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Cash-out refinancing to help your kids buy a home

 

A growing number of parents are helping their adult offspring take advantage of current mortgage rates and more affordable home prices to become homeowners. The 2013 Profile of Home Buyers and Sellers by the National Association of Realtors (NAR) showed that 27 percent of homebuyers received down payment assistance from a friend or relative, usually their parents.

While helping your kids with a gift for all or part of their down payment can be helpful, some parents are opting to provide financing for their kids in the form of a private mortgage for all or part of their home purchase.

Family financing

The rules about how much you can contribute as a gift vary by loan program. FHA-insured loans (Federal Housing Administration) allow the entire down payment to be a gift, while conventional loans limit gift funds according to the size of the down payment. In either case, you'll need to provide a gift letter that states that you're giving the money to your offspring and don't expect repayment.

If you're more interested in financing a loan for your kids, you can do this privately or work with an attorney and tax professional or a company such as National Family Mortgage that provides you with appropriate documentation and records the mortgage with public authorities.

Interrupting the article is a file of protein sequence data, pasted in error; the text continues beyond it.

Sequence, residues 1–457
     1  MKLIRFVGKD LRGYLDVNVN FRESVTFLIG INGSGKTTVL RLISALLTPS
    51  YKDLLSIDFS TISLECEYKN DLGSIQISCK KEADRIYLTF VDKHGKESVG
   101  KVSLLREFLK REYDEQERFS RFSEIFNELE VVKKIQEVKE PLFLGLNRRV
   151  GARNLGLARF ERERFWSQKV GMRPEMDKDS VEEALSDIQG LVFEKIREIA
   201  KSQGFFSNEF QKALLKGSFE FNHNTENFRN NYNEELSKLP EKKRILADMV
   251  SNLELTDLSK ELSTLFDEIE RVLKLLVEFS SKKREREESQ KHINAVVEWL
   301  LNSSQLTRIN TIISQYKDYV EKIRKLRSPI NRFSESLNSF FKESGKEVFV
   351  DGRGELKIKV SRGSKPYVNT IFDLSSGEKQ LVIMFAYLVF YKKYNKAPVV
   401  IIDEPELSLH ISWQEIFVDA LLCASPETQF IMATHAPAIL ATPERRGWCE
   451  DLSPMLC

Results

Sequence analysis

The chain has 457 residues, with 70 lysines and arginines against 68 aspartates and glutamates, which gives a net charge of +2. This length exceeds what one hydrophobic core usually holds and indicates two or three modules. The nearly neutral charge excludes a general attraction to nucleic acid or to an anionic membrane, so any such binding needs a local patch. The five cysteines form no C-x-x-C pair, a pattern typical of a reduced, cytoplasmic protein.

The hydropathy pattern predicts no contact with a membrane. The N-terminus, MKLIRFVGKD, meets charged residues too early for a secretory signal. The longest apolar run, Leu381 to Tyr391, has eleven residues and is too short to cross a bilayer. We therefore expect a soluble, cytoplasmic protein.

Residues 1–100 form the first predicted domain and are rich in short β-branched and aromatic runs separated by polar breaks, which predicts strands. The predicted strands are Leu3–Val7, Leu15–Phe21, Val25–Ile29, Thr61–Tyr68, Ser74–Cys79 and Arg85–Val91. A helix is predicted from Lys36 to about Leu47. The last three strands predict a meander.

There are tax implications for you and your borrowers if you offer a private loan, so it's crucial to document the transaction and loan payments to avoid gift-tax issues and to allow your borrowers to take advantage of the mortgage interest tax deduction.

You should also consider the personal aspect of loaning a significant sum of money to your offspring and have a plan for what would happen if they miss a payment or pay late.

Whether you're thinking of providing your offspring with a gift or a loan, you may not have the cash on hand to devote to their financial well-being. If not, you can consider tapping into your home equity as a source of funds.

Refinancing to help your kids

Before you take a step toward offering money to your kids, it's important to evaluate your own finances. If you've paid off your credit-card debts, are fully funding your retirement savings and have a plan to pay off your mortgage before you retire, then it may make sense to help your kids become homeowners. If your finances are not in excellent shape, you should take care of your own money management first before you provide for your kids.

If you have significant home equity in your property, such as 50 percent or more, you can opt for one of two solutions:

  • Cash-out refinancing: Refinancing will incur closing costs and, depending on your current mortgage terms and the amount you're financing, your payments could increase. Make sure you refinance up to a maximum of 80 percent loan-to-value to avoid paying private mortgage insurance.
  • Home equity loan: A home equity loan has lower closing costs, but your interest rate is likely to be a little higher than a refinance.

Consult a lender to find out the pros and cons of your individual decision to help your offspring and to choose between refinancing and a home equity loan.

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